Five Things to Watch as the Rangers Begin Their Long Winter Nap

Clayton Kershaw's on the list.
Clayton Kershaw's on the list. Keith Allison
The 2018 Rangers are dead. Out of the race by May, this year's model of Arlington's finest limped to a 67-95 finish, ending up last in the American League West. That got their manager fired despite his having won two division championships in four seasons at the helm. They saw their best prospect suffer through a lost season with both the big-league club and Triple-A Round Rock.

The arrow, for the first time in Jon Daniels' tenure as general manager, seems stuck pointing down, waiting on the kind of seismic change that seems to take longer in baseball than any other sport. As Daniels, former Rangers manager Jeff Banister and third baseman Adrian Beltre settle into their recliners to watch the playoffs for the second year in a row, let's take a look at what's worth paying attention to this offseason, as the Rangers get set for their final year at Globe Life Park.

1. The search to replace Banister — It's obvious, but it's also important. The Rangers have to replace Banister with someone better suited to Major League Baseball in the 2010s, which means finding someone who can better relate to young players and understands and implements advanced analytics. In addition to the Rangers' performance over the past two seasons, Banister's old-school proclivities reportedly rubbed the clubhouse the wrong way, hastening his departure.

Finding a young ex-player, someone like Raul Ibanez or Carlos Beltran, could help some of team's prospects push through their developmental roadblocks, in addition to making Arlington a more attractive landing spot for free-agent talent.

2. The decision on whether to step up for Clayton Kershaw — There has always been a sense of destiny around Kershaw and the Rangers. Kershaw grew up in Highland Park, became one of the best left-handed pitchers in baseball history with the Dodgers and has a conveniently placed out clause in his contract that he can activate after this season. The Rangers, much like they were when they signed Nolan Ryan after the 1988 season, are in need of pitching help and, more important as they open the new stadium in 2020, star power.

Assuming Kershaw opts out as expected, there will be big-time pressure on Daniels to spend the $200 million or more that it will cost to lock up his signature. That's a big ask when the team seems to be, at least, two years from competing for a playoff spot, but it's rarely a good idea to spurn a generational talent. Despite being in the big leagues for a decade, Kershaw is still just 30 years old.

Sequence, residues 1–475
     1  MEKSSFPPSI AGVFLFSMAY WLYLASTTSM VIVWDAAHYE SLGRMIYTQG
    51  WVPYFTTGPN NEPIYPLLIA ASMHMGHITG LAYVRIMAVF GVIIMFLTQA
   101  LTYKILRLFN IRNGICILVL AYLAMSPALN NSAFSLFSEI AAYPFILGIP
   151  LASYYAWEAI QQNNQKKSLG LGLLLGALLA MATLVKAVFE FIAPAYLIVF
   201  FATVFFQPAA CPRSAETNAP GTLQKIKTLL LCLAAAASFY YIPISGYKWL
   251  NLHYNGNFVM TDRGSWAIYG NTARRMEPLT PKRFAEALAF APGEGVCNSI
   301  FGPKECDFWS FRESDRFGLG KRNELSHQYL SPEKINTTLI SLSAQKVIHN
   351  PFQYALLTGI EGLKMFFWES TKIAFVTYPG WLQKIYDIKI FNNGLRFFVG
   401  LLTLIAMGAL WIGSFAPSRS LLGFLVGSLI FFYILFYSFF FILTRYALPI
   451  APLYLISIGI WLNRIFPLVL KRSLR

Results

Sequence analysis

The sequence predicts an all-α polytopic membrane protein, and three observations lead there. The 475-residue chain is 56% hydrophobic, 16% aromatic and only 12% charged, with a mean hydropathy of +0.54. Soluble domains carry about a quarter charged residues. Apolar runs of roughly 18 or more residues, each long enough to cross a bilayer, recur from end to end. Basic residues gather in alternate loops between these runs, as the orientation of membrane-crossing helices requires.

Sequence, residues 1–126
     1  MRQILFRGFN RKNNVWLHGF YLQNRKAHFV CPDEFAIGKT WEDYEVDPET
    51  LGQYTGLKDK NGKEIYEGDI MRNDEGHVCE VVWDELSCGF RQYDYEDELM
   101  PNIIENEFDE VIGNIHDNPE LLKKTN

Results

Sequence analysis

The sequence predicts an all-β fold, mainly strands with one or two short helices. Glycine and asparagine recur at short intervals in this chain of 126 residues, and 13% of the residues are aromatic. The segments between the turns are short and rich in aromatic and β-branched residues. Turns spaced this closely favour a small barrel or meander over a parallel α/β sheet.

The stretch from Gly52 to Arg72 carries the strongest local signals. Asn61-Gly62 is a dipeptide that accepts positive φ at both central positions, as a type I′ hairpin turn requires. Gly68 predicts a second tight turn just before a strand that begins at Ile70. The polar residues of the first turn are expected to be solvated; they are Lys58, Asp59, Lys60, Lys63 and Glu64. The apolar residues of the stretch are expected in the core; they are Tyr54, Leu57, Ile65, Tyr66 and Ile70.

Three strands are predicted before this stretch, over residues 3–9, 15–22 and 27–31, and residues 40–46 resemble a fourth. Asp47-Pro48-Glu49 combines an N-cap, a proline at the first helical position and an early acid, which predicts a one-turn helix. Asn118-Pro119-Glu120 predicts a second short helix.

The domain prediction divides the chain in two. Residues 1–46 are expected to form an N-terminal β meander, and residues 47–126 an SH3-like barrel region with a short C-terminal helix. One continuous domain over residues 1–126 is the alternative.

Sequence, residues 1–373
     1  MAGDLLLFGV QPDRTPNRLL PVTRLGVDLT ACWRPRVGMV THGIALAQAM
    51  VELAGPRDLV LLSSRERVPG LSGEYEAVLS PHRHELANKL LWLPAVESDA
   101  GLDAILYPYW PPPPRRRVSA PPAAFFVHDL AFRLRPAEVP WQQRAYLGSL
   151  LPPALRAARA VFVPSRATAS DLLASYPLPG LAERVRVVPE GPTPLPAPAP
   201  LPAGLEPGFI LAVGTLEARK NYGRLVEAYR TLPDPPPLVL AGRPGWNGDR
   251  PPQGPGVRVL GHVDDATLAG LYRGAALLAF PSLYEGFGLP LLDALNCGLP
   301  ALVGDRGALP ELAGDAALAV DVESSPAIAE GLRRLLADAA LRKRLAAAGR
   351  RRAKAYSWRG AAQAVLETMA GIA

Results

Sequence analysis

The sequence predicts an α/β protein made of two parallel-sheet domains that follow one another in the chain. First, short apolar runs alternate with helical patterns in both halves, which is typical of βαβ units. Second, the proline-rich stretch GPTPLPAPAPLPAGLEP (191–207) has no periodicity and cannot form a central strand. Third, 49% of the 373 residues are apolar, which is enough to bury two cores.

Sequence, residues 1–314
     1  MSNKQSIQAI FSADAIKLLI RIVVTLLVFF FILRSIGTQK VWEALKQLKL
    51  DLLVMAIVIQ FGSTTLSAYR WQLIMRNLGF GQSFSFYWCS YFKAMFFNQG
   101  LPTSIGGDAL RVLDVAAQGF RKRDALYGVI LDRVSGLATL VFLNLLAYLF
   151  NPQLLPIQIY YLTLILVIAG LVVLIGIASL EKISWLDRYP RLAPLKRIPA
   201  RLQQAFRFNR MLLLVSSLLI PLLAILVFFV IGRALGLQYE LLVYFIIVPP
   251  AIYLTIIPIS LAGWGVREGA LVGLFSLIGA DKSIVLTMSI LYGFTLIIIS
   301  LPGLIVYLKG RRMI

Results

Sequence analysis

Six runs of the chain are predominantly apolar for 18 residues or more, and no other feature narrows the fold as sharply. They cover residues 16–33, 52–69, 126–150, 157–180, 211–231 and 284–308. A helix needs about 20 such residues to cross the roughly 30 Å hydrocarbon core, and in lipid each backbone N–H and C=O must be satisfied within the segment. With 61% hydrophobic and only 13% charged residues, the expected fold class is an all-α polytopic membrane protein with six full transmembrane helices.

3. Finding Willie Calhoun — Calhoun, the key piece in the trade that sent Yu Darvish to the Dodgers last summer, made no impact at the big league level in 2018, getting into just 35 games and making just 108 plate appearances while racking up a paltry .602 OPS. Calhoun, seemingly bored, wasn't great in the minors either, hitting just nine home runs in 470 plate appearances at Round Rock.

He's still the best hitter in the Rangers farm system, however, and likely to get his first full year in the big leagues in 2019. If the Rangers' new manager can keep him engaged this winter and help him turn the corner, Calhoun will be a middle-of-the-order bat for the team to build around.

click to enlarge Juan Pablo Martinez works out for scouts in the Dominican Republic in 2017. - ALEX MARIN VIA YOUTUBE
Juan Pablo Martinez works out for scouts in the Dominican Republic in 2017.
Alex Marin via YouTube

4. Center fielders as far as the eye can see — Outside of Calhoun, three of the Rangers' best position-player prospects — Juan Pablo Martinez, Leody Taveras and Bubba Thompson — all play center field. They're all basically at the same level, too, needing a couple more years in the minors before potentially starring for the big club in 2021. The problem is, they all need center field reps every day, and the Rangers have only so many low-level minor-league teams. Watch how Martinez, Taveras and Thompson get assigned, and you'll know how Daniels and company think of them.

5. Replacing Adrian Beltre — While it isn't a sure thing, Sunday afternoon's loss to the Mariners sure did feel a lot like the end of the road for likely future Hall of Fame third baseman Adrian Beltre. While replacing one of the 10 best third basemen in history as a player is impossible, one of the current Rangers is going to have to step up as the face of the franchise in 2019. Shortstop Elvis Andrus and first baseman Joey Gallo seem to be the likeliest candidates, but Andrus can opt out of his contract in each of the next two winters. If the Rangers are counting on fans to swallow another year of bad baseball in 2019 before showing up to the new stadium in droves in 2020, the team needs an identity.
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Stephen Young has written about Dallas news for the Observer since 2014. He's a Dallas native and a graduate of the University of North Texas.
Contact: Stephen Young